Valve told ZDNet today that it's safe to play games like Counter-Strike: Global Offensive and Team Fortress 2 even after their source code leaked online today on 4chan and torrent sites.
The leak has caused panic in the two games' online communities.
For most of the day, gamers have been warning each other that hackers may develop exploits based on the leaked source code that may be used to hack computers connecting to CS:GO and TF2 servers.
"We have not found any reason for players to be alarmed or avoid the current [game] builds," Doug Lombardi, Valve VP of Marketing told ZDNet today. "As always, playing on the official servers is recommended for greatest security."
The Valve exec says the company is investigating the incident and is now asking users to report any tips about who's behind the leak via the Valve security page.
Source code leaked on 4chan
However, some information about the leak has already started to surface. Right now it's known that the files were first posted on 4chan, from where they were immediately shared on various torrent sites, gaming forums, Twitter, and Reddit.
The leaked files are source code that Valve shared with game and mod developers in late 2017, Valve told ZDNet today.
Lombardi said that Valve was aware that the source code actually first leaked online in 2018; however, the initial leak was not widely known or circulated.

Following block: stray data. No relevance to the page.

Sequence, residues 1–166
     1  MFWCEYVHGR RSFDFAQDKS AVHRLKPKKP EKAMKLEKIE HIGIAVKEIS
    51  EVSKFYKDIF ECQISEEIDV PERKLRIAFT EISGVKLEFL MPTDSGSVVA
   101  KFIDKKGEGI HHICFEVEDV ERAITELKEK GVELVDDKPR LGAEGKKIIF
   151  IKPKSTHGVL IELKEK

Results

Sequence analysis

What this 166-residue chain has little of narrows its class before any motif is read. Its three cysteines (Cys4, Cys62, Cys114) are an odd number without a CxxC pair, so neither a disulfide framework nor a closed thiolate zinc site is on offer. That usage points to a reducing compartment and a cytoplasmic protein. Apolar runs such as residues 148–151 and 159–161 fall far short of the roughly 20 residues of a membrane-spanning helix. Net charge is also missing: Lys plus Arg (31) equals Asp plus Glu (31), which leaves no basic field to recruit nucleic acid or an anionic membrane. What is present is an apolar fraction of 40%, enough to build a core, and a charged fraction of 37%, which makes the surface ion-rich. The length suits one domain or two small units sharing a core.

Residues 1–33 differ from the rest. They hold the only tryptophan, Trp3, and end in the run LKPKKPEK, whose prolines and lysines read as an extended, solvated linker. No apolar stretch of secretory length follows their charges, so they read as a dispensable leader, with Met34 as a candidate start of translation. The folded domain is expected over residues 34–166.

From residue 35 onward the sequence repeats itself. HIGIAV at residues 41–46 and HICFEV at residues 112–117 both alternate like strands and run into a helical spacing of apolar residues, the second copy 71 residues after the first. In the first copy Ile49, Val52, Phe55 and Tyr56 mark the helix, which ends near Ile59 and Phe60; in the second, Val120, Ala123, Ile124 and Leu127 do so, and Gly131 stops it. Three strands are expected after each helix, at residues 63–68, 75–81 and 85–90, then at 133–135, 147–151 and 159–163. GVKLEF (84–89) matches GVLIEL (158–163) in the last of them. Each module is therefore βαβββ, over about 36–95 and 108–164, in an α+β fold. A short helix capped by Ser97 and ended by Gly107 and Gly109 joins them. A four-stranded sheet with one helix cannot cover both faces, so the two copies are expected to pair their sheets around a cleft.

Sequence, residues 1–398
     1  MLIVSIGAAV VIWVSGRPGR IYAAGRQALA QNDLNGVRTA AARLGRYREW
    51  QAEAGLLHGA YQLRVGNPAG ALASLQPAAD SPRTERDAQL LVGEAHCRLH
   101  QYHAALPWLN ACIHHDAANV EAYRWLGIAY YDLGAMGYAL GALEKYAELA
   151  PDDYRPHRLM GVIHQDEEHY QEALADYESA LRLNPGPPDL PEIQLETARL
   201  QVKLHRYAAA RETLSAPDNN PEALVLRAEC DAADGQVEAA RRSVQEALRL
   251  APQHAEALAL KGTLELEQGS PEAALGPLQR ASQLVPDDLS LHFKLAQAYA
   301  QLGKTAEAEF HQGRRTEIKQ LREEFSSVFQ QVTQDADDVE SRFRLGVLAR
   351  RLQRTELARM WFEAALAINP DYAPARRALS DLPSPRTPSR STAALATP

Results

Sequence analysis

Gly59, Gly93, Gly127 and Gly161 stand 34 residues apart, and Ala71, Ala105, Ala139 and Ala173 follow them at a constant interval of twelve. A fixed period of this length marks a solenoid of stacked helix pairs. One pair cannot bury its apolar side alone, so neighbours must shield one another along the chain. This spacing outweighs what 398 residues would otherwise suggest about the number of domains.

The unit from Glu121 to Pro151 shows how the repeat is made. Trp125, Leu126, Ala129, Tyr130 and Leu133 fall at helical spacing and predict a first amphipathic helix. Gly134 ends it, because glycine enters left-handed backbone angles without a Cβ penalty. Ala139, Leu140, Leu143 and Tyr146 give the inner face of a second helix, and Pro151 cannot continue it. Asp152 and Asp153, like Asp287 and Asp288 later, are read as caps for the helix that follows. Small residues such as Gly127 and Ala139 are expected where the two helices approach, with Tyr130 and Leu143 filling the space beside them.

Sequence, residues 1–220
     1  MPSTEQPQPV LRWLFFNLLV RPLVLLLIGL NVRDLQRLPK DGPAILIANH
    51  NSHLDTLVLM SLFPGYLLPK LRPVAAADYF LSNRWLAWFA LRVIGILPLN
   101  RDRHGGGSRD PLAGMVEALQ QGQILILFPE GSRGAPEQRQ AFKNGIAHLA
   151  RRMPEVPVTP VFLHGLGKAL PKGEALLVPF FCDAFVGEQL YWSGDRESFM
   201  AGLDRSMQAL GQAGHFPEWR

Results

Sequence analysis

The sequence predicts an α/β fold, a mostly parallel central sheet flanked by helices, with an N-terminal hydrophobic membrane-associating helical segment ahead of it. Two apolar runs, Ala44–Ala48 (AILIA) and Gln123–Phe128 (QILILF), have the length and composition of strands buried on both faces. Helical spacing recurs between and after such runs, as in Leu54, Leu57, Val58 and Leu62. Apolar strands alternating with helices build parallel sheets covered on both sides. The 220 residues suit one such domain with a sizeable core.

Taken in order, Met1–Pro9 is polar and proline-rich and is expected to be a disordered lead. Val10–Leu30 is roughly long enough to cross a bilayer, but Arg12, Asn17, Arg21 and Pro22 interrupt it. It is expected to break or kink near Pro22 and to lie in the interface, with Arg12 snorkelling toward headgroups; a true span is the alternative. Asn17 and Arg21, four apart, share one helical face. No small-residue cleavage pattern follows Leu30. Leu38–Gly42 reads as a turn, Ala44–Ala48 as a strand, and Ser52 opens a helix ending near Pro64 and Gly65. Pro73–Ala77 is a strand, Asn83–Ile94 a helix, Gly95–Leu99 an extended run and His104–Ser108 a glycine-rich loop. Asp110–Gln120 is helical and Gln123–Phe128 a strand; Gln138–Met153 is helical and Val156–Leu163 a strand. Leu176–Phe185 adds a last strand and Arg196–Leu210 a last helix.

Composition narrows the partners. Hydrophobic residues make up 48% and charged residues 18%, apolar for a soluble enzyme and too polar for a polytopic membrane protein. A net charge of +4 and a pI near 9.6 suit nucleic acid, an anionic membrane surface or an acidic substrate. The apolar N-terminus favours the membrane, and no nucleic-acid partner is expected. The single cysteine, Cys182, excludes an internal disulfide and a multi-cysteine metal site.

One of the few people who knew of the 2018 leak is Tyler McVicker, the owner of the Valve News Network, who laid out the events that lead to today's second leak in a Twitch stream.
On Twitter, McViker also said he knew who was behind the leak and said he plans to report the person responsible to Valve's legal department.
However, despite Valve's reassurances that players are safe to play the two games, this may not be the case for long.
Access to a game's source code always makes exploit development much easier, and players are right to warn each other -- although this may not be an immediate threat, right now, but something they need to keep in mind in the coming weeks or months.
Attacks were hackers used game servers to infect gamers with malware have happened before. In March 2019, Russian antivirus firm Dr.Web published a report about hackers were using a zero-day vulnerability in the Counter-Strike 1.6 game to infect users with the Belonard malware. At the time, Dr.Web said that almost 39% of all CS 1.6 multiplayer servers contained malicious code that tried to infect users with malware.
Today's source code leak opens the possibility of similar attacks against CS:GO and TF2; however, exploits may take some time to develop and Valve may easily counteract them with game updates, since both games are still actively maintained.